Despite Western concerns that IS militants are preparing a Jordanian offensive, analysts call the kingdom's solid intel a strong deterrent More

Asian-Americans Assume Office in Record Numbers

Steadily deepening engagement in local politics pays off for politicians like Chinese-American Judy Chu More

Featured Videos

Your JavaScript is turned off or you have an old version of Adobe's Flash Player. Get the latest Flash player.
Talks to Resume on Winter Gas for Ukrainei
X
Al Pessin
October 25, 2014 4:21 PM
Ukrainian and Russian officials will meet again next week in an effort to settle their dispute over natural gas supplies that threatens to leave Ukraine short of heating fuel for the coming winter. VOA’s Al Pessin reports from London the dispute is complex, and has both economic and geopolitical dimensions.
Video

Video Talks to Resume on Winter Gas for Ukraine

Ukrainian and Russian officials will meet again next week in an effort to settle their dispute over natural gas supplies that threatens to leave Ukraine short of heating fuel for the coming winter. VOA’s Al Pessin reports from London the dispute is complex, and has both economic and geopolitical dimensions.
Video

Video Smugglers Offer Cheap Passage From Turkey to Syria

Smugglers in Turkey offer a relatively cheap passage across the border into Syria. Ankara has stepped up efforts to stem the flow of foreign fighters who want to join Islamic State militants fighting for control of the Syrian border city of Kobani. But porous borders and border guards who can be bribed make illegal border crossings quite easy. Zlatica Hoke has more.
Video

Video Comanche Chief Quanah Parker’s Century-Old House Falling Apart

One of the most fascinating people in U.S. history was Quanah Parker, the last chief of the American Indian tribe, the Comanche. He was the son of a Comanche warrior and a white woman who had been captured by the Indians. Parker was a fierce warrior until 1875 when he led his people to Fort Sill, Oklahoma, and took on a new, peaceful life. As VOA’s Greg Flakus reports from Cache, Oklahoma, Quanah’s image remains strong among his people, but part of his heritage is in danger of disappearing.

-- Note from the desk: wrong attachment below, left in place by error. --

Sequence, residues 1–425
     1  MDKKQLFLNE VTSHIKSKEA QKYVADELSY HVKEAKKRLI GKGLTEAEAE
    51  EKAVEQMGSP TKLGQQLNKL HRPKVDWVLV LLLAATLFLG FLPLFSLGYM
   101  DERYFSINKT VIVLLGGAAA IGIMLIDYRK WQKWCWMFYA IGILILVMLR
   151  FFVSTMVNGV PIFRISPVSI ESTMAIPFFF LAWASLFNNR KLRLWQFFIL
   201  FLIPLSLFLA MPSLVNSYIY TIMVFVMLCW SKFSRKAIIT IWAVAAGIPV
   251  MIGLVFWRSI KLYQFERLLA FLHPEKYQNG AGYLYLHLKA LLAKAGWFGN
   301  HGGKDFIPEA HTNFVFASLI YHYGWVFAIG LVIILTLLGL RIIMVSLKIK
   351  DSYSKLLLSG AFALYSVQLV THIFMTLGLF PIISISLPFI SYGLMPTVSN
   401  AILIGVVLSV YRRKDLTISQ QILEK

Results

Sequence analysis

Video

Video China Political Meeting Seeks to Improve Rule of Law

China’s communist leaders will host a top level political meeting this week, called the Fourth Plenum, and for the first time in the party’s history, rule of law will be a key item on the agenda. Analysts and Chinese media reports say the meetings could see the approval of long-awaited measures aimed at giving courts more independence and include steps to enhance an already aggressive and high-reaching anti-corruption drive. VOA’s Bill Ide has more from Beijing.
Video

Video After Decades of Pressure, Luxembourg Drops Bank Secrecy Rules

European Union finance ministers have reached a breakthrough agreement that will make it more difficult for tax cheats to hide their money. The new legislation, which had been blocked for years by countries with a reputation as tax havens, was approved last week after Luxembourg and Austria agreed to lift their vetoes. But as Mil Arcega reports, it doesn’t mean tax cheats have run out of places to keep their money hidden.
Video

Video Kobani Refugees Welcome, Turkey Criticizes, US Airdrop

Residents of Kobani in northern Syria have welcomed the airdrop of weapons, ammunition and medicine to Kurdish militia who are resisting the seizure of their city by Islamic State militants. The Turkish government, however, has criticized the operation. VOA’s Scott Bobb reports from southeastern Turkey, across the border from Kobani.
Video

Video US ‘Death Cafes’ Put Focus on the Finale

In contemporary America, death usually is a topic to be avoided. But the growing “death café” movement encourages people to discuss their fears and desires about their final moments. VOA’s Jerome Socolovsky reports.
Video

Video Ebola Orphanage Opens in Sierra Leone

Sierra Leone's first Ebola orphanage has opened in the Kailahun district. Hundreds of children orphaned since the beginning of the Ebola outbreak face stigma and rejection with nobody to care for them. Adam Bailes reports for VOA about a new interim care center that's aimed at helping the growing number of children affected by Ebola.

All About America

AppleAndroid

World Currencies

EUR
USD
0.7893
JPY
USD
107.68
GBP
USD
0.6238
CAD
USD
1.1214
INR
USD
61.185

Rates may not be current.